In apartment buildings in Paris and other big French cities, the lights in stairwells and hallways are often put on a timer so that they turn themselves off a few minutes after they are turned on. It's a way to avoid wasting electricity — the lights don't stay on all the time they way they do in the U.S. The switches for those timed hall lights in France, called « minuteries », often have a voyant lumineux built into them, but it serves a slightly different purpose.

In hallways and on stairs, the "idiot light" stays on when the overhead lights are off. That way, you can find them easily when you are searching about in the dark for a way to light up the space. I don't think I've ever seen minuteries in America either.

Since yesterday there's some furniture
in the new upstairs space.

By the way, yesterday we moved the bed and dresser upstairs. We won't take any more furniture up there until we get the walls painted. That is, unless we decide to leave them as they are and call it a decorating choice. Just kidding.

25 June 2010

Saint-Aignan and a sleeping dog

Last night we were invited over for supper by Jacques, the contractor who did our attic conversion, and his wife Elisabeth. We were out late and I'm feeling the aftereffects this morning. Problem is, we have a lot of work to do today.

The château and church in Saint-Aignan
on a summer evening

Jacques and Elisabeth live on the opposite side of Saint-Aignan from us. As you'll see from the photos here, they have a stupendous view of the town's major monuments from their front patio.

A closer view of the château, looking west

It was nice enough for us to be comfortable sitting outside until after midnight. We watched the sunset over the town and enjoyed a good supper. This was after having settled our bill for the attic job. Writing that check was painful but unavoidable...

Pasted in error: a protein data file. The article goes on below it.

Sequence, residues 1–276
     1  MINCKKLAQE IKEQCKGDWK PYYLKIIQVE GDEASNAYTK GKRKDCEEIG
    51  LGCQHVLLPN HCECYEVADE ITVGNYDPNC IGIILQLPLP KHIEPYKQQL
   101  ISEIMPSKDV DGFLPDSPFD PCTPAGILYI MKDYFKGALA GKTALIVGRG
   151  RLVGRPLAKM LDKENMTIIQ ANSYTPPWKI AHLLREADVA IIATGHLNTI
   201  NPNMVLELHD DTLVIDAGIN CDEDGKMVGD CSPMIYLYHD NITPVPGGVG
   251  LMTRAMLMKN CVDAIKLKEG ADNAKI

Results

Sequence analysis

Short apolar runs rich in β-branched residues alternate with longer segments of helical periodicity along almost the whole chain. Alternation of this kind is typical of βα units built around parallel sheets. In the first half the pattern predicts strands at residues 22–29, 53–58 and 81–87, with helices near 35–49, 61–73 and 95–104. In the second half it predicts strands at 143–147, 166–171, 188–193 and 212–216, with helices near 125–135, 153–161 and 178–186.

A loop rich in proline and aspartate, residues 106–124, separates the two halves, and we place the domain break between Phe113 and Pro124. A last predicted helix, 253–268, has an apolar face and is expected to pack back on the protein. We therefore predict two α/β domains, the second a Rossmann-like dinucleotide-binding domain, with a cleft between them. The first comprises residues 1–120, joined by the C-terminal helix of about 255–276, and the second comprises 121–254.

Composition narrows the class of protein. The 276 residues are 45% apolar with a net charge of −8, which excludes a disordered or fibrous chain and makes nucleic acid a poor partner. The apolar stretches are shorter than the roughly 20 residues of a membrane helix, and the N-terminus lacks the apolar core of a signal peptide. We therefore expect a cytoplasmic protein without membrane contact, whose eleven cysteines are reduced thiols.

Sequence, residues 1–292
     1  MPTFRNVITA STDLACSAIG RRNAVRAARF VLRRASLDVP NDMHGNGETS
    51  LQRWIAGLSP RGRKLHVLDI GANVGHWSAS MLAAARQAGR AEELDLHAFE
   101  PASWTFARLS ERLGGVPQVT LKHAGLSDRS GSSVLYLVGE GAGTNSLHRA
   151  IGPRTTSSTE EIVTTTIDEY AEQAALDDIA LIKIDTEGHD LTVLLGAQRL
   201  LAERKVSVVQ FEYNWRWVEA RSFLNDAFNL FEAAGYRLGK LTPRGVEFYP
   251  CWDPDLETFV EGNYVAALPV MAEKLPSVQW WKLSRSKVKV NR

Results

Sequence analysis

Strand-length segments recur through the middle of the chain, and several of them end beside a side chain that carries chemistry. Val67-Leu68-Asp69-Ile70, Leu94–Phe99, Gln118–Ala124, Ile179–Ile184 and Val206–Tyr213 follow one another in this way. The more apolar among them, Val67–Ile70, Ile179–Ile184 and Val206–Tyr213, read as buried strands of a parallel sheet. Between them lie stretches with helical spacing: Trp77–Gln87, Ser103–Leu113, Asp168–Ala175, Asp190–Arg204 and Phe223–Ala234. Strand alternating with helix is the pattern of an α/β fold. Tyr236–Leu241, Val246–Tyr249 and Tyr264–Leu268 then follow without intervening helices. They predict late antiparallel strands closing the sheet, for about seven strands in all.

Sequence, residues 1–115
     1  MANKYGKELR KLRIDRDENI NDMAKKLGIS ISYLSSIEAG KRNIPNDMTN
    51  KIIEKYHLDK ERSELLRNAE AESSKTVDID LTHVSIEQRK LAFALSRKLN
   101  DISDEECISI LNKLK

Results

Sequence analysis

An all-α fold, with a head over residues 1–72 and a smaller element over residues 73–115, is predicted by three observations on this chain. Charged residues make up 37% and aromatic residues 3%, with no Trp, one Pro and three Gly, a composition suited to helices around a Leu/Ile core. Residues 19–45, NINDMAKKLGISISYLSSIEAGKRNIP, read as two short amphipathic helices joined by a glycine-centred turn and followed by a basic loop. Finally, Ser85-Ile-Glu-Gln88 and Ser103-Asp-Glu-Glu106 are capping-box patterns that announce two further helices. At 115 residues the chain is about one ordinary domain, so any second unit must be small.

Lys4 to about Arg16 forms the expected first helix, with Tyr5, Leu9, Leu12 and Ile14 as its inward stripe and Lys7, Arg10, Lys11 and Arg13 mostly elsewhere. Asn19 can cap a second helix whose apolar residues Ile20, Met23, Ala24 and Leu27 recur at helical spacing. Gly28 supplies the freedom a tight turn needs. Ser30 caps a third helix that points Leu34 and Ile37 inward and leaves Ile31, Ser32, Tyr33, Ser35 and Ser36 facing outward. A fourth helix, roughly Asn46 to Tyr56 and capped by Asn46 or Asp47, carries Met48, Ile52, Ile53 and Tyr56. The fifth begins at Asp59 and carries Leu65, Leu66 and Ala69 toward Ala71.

Sunset, 24 June 2010 — Walt took this one with my camera

Earlier in the day, I took this picture of Callie sleeping just inside the back door. The dog is doing what I'd like to be able to do today.

Callie napping in the afternoon sun

Temperatures are in the low 80s F in the afternoon, and that's good for the garden. We are just watching everything grow, and also getting the house ready for company next week. A week from now, we'll start painting the walls upstairs.

24 June 2010

About birds, including a recipe

When I first thought about this post as I walked the dog this morning, I thought it would be a recipe and I would tack on a couple of gratuitous factoids about local birds. Then I realized the recipe was for a chicken dish. The whole post would be about birds.

First, the redstart chicks have now all left the nest. It must have happened yesterday. We were occupied with other pursuits, including cooking, receiving guests, and eating. After lunch, Walt got up on the ladder and looked in the nest. The redstart parents are now empty-nesters.

And yesterday morning, I think it was, Walt was looking out the back window when he saw a now-familiar bird. "Look, isn't that a hoopoe?" I did look, and sure enough, it was a damn hoopoe. It's the first and only one I've seen this summer. Walt had seen it out by the pond a week or so earlier. Hoopoes are spectacular.

Here's a hoopoe story from two years ago. You might have read it back then.

Rub the chicken pieces with a Moroccan spice blend...

Meanwhile, if you saw Walt's post today, you know about the guests we had over yesterday afternoon, and what we ate and drank. I was really pleased with how the tajine of chicken with prunes came out, and with the way I ended up cooking it.

...and cook them in the oven until nice and golden.

The recipes I looked at said to brown the chicken pieces in a pan on the stove. One recipe said to cook the chicken completely, then make the sauce with prunes, onions, honey, and spices. After letting that cook for a while, you were to put the chicken back in the pan and ladle the sauce over it.

Cook prunes with onions, garlic, honey and spices
to make a sauce for the spicy chicken.

That made me think that maybe cooking the chicken first in the oven would be easier and make less mess — less mess because I lined a pan with aluminum foil so clean up was minimal. I don't like frying chicken in a pan because the skin always sticks and sometimes comes entirely off the pieces. The oven worked better. Then I made the onion-prune sauce and poured it over the cooked chicken.

Here's the recipe.

Tajine of chicken with prunes and onions
1 chicken
3 Tbsp. ras-el-hanout (Moroccan spices)
4 Tbsp. olive oil
2 onions
2 cloves garlic
18 pitted prunes
a pinch of cinnamon
a pinch of nutmeg
2 Tbsp. honey
2 Tbsp. lemon juice